Maintaining API authentication using Axios

Matei Oprea
May 25, 2017 · 2 min read

This is a story about how we, at AmpLive, are maintaining users authenticated using axios.

Some time passed since my last story and I felt like it’s time to tell you more about what intrigued me a lot these days. After digging in on axios github issue page and Google, I found out that there’s no proper documented way of maintaining an user authenticated if you’re using React and axios.

How a request is served?

  1. Ask for data and send your Authentication Token
  2. API is verifying your payload, token and is querying the database
  3. Database responds with data to API
  4. API is sending data back

Simple, right? :) So, what happens if your Authentication Token has expired. You can’t ask the user to login again. It’s bad user experience. That’s why refresh tokens have been invented.

A refresh token allows the user to ask the API to issue a new token directly, without needing to re-authenticate.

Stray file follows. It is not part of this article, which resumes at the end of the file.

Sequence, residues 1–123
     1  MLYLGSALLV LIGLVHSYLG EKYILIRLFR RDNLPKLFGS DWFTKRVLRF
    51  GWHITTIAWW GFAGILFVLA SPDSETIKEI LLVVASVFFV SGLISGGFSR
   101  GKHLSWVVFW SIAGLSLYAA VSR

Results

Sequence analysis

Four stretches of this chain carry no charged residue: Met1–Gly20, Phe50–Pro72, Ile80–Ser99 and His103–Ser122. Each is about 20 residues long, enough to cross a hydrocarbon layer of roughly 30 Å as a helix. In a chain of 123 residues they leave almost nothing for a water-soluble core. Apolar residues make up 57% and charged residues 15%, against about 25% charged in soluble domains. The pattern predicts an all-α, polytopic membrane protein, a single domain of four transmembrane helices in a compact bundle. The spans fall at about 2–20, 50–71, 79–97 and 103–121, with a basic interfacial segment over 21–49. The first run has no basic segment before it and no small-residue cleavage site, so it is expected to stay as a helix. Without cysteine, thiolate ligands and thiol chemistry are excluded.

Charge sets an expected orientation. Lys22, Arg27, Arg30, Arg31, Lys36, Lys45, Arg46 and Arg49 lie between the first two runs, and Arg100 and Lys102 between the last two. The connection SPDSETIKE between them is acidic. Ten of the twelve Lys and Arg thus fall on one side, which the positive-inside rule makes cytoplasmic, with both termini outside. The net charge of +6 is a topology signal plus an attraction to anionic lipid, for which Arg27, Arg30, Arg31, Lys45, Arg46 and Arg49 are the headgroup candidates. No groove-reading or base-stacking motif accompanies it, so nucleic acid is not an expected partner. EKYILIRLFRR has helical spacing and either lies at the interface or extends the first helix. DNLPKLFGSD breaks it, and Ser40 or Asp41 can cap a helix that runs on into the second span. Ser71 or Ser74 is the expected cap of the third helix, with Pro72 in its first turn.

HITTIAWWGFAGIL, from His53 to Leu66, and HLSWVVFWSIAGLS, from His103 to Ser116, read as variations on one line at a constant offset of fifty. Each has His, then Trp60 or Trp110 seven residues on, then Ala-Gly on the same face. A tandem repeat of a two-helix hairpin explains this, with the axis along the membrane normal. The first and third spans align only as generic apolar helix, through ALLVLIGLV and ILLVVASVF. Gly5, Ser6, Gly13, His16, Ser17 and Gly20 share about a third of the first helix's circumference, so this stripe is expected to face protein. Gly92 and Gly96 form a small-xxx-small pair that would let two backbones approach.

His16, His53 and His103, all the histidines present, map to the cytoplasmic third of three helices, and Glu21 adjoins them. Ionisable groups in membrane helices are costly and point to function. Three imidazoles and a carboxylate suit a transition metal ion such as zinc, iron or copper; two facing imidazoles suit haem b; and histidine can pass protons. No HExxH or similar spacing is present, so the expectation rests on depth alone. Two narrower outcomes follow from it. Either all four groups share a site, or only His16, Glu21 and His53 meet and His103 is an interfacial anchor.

So, let’s say your token just expired and you want to request some data from the API. JWT is composed from three layers: a header, a payload, and a signature. The payload have some reserved fields like issuer, expiration, subject and audience. So you can always check the expiration time if you don’t encode the token (remember: JWT tokens should be short-lived ~ 15 min — 1hour)

The diagram above will transform into the following:

  1. Ask for data and send the Auth token
  2. Verify token expiration time
  3. If the token is expired use axios interceptor to prevent the request from being made
  4. Save the original request and send another one to your token refresh endpoint in order to get a new valid JWT Token
  5. Resolve the initial request
  6. Get the data you asked for
  7. Be happy :)

Coding time, right?

client.interceptors.request.use((config) => {
let originalRequest = config;
if (tokenIsExpired && path_is_not_login) {
return issueToken().then((token) => {
originalRequest['Authorization'] = 'Bearer ' + token;
return Promise.resolve(originalRequest);
return config;
}, (err) => {
return Promise.reject(err);

For the sake of the example, let’s see the implementation for issueToken:

function issueToken() {
return new Promise((resolve, reject) => {
return client({
}).then((response) => {
}).catch((err) => {

Easy, right? ;)

Hope this helps you. It took me a while to research how to better use interceptors and to figure out when to send the re-auth request.

Happy coding!

Matei Oprea

Written by

Software Developer @ Okapi Studio / Music producer

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